Social media has leveled the playing field of mass communication and, in some ways, helps make the protests sparked by the death of George Floyd possible. Mobile technology has shone a light on the treatment of people of color by police, allowed crimes to be documented, allowed protesters to organize and shown the heavy-handed response from law enforcement to the world. Continued coverage of the protests is public-interest journalism at its most raw and many of those directly affected are broadcasting events in real time.
New York Times staffers are banding together in protest after the paper ran an op-ed by Senator Tom Cotton (R-AR) arguing that the United States government should call in the U.S. military to quash the people who are protesting the alleged murder of George Floyd, a black man, by a white police officer. (They are not the only newsroom staffers protesting this week.)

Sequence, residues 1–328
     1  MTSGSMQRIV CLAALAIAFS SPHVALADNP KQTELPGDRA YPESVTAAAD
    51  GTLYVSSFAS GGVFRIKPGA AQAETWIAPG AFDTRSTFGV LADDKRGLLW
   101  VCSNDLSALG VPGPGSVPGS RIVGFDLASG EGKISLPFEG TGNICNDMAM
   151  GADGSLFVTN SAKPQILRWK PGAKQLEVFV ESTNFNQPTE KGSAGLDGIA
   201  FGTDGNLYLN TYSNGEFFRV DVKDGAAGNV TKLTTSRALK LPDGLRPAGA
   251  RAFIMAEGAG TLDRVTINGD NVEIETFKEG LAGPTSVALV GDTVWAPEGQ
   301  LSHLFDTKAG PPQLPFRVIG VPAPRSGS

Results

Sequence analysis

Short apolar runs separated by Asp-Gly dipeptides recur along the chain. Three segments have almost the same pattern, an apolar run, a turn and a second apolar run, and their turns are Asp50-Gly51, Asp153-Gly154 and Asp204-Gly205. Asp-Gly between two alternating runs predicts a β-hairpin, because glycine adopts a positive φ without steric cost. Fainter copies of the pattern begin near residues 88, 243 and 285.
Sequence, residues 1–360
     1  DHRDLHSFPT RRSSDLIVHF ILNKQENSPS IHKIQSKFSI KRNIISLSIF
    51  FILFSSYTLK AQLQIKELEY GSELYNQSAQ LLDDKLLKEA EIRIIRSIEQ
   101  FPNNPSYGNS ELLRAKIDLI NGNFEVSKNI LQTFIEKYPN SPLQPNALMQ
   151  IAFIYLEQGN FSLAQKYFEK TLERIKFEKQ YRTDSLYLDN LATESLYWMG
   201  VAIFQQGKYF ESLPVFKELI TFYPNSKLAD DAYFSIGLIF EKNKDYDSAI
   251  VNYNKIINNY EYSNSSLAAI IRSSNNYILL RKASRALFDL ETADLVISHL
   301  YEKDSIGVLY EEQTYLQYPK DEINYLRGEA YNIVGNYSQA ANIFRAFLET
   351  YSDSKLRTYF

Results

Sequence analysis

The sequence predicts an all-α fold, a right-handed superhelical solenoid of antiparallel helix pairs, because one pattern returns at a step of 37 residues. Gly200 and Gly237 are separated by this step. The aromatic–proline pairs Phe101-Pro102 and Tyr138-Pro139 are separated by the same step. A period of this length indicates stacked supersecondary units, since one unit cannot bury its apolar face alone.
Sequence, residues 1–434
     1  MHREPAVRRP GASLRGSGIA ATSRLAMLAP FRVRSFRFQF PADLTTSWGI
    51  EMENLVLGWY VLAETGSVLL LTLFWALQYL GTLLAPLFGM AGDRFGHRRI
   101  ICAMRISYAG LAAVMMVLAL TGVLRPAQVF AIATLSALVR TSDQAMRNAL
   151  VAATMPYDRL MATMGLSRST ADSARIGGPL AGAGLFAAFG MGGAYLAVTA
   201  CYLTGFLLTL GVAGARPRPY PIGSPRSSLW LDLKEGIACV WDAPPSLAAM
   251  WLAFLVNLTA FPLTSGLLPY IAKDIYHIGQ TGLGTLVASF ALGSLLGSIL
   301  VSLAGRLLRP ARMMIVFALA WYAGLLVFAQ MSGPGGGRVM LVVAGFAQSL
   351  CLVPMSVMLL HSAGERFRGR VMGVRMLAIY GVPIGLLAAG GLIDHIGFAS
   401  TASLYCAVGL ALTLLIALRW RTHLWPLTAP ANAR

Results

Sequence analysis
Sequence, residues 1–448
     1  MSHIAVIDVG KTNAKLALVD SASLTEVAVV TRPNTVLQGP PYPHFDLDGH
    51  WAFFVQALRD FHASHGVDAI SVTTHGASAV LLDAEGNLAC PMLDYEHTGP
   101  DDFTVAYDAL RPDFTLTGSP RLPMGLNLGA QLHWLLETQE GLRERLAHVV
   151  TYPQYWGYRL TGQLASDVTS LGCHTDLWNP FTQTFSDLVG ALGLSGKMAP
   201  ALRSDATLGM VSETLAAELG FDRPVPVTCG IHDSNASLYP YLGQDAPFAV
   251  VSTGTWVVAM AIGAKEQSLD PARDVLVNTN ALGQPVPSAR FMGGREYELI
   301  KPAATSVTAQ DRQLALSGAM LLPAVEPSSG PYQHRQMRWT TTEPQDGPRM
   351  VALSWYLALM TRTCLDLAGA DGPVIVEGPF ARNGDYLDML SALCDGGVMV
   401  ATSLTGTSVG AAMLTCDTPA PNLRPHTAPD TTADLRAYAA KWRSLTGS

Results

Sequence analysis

Police officers in Buffalo, New York used excessive force to disperse a protest against police brutality on Thursday, shoving a 75-year-old protester who posed no threat to them so hard that he fell to the ground and sustained a bloody head wound.
Photo: Wong Maye-E/AP
We are witnessing a truly unprecedented attack on press freedom in the United States, with journalists are being systematically targeted while covering the nationwide protests over the killing of George Floyd by Minneapolis police.